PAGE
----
Memories of a heart attack
Awakened by strange voices, I opened my eyes and wondered where I was. Then I recognized a nurse in green who told me that I was in a hospital in downtown Honolulu, and that I had a heart attack and had just gone through tests to find out what was the problem.
I recognized next the face of a doctor in a white coat. “Mr. Mendiola,” he said, “we found four blocked arteries that caused your heart attack.”
“And,” he calmly continued, “we now need your consent so that we can do open-heart surgery and perform a multiple bypass at the soonest possible time.”
Shock washed all over me. I felt strange being at the receiving end of bad news that I had been trained to break to patients.
I was then a participant in a yearlong training program for chaplains called Clinical Pastoral Education at a hospital in Honolulu. Thus, I knew that open-heart, multiple bypass surgery was extremely invasive and one of the most delicate procedures in medicine. Worse, it could become fatal.
I asked for time alone to phone my son Nico in San Francisco as well as my wife and daughters in Manila. As I spoke with them, the events of the past eight hours slowly came back to me.
On that day, Monday, April 16, 2007, I woke up early as usual to prepare for the day’s schedule of classes and practicum. I brewed my regular cup of coffee, then took a shower. Some 15 minutes later, I felt an unusual pain in my chest. I quickly toweled myself dry and got dressed. I then grabbed my digital blood pressure monitor and took the readings. The monitor registered my BP at 260/140 and my heart rate at 80 per minute!
I felt disoriented but managed to pop a blood pressure pill. Despite being newly showered and even in the cool Hawaiian weather, I was perspiring. My chest felt heavy, as if a 50-pound weight were pressing on it. Minutes later, my breathing became labored and my arms began to weaken.
“My God, these are the classic signs of a heart attack! What am I going to do?” I mumbled, almost in tears. “Call 911? Or get a cab and go to the nearest emergency room? But I was there yesterday and they told me my chest pains were just muscular.”
I prayed: “My God, please help me, I am all alone. Mother Mary, pray for me… now and if this be the hour of my death.”
Then, as if pushed by an unknown force, I grabbed my phone and dialed 911.
What happened next was like a scene from a TV series. An operator answered my call and her gentle voice calmed me down. She took down my name and age, the nature of the emergency, and my location. She then assured me that help was coming shortly and gave me instructions what to do in the meantime. She got off the phone after assuring me one more time that help was on the way. Some five minutes later an ambulance and a fire truck arrived as I collapsed on my bed, overcome by weakness…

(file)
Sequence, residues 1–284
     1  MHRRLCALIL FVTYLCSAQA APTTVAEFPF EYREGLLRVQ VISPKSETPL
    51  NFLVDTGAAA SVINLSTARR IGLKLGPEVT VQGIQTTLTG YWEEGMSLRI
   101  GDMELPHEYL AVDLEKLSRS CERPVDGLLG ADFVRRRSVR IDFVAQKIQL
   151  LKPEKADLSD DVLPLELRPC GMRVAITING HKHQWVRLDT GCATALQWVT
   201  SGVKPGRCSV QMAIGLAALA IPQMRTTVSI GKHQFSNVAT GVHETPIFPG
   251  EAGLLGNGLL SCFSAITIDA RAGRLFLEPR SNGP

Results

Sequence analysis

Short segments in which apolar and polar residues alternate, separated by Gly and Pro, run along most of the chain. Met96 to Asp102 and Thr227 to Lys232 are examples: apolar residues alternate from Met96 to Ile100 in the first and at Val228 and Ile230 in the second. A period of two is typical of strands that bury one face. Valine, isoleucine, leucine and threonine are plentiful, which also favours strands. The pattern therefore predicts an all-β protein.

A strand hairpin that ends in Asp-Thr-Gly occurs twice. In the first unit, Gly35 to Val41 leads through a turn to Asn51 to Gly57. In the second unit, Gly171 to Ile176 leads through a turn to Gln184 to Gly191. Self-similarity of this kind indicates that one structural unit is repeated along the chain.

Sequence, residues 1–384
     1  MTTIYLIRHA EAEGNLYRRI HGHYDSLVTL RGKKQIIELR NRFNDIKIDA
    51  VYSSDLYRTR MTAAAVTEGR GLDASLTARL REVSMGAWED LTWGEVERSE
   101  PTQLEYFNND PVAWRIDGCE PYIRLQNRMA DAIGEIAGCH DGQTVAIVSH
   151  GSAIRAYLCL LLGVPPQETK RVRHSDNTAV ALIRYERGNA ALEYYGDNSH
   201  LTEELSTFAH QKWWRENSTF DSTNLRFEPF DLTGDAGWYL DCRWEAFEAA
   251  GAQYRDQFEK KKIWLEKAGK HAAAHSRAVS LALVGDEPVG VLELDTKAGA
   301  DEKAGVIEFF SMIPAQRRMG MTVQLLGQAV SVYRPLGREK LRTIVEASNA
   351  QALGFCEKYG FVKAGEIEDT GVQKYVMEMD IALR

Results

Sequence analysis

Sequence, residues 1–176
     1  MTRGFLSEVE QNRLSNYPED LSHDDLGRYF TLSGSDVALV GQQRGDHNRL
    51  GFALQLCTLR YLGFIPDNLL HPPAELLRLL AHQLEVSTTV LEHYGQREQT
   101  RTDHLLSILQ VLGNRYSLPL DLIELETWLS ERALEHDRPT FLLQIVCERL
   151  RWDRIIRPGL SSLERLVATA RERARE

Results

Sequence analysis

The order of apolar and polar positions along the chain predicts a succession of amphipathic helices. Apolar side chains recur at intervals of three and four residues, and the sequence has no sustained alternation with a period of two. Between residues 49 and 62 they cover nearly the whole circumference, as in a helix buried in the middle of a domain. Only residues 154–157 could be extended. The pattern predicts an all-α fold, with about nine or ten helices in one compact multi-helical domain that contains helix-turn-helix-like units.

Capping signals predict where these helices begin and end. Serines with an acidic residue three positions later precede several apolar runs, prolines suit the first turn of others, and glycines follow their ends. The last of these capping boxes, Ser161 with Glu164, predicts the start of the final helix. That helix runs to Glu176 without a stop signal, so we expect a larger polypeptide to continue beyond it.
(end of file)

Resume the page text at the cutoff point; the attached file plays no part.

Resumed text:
Next thing I knew, I was in a room with a doctor and a nurse filling me in on what had happened to me, what measures had been carried out, and what needed to be done next.
I signed the hospital consent form after talking to my family on the phone. Then I went through more tests to determine my body’s overall condition to undergo open-heart surgery.
Four days later, heart specialists performed a 5-artery bypass (they found a fifth block after opening my heart) that lasted for seven hours. I returned to the Philippines after a brief period of recovery.
Today, as I mark the Lenten season, I recall the events of my heart attack with a grateful heart. I know I could not have survived were it not for God’s loving protection and grace. He truly is my God and Savior!
* * *
Danilo G. Mendiola, 75, is retired from corporate work and now serves with his wife in the Marriage Prep Ministry of their parish in Quezon City.
Subscribe to INQUIRER PLUS to get access to The Philippine Daily Inquirer & other 70+ titles, share up to 5 gadgets, listen to the news, download as early as 4am & share articles on social media. Call 896 6000.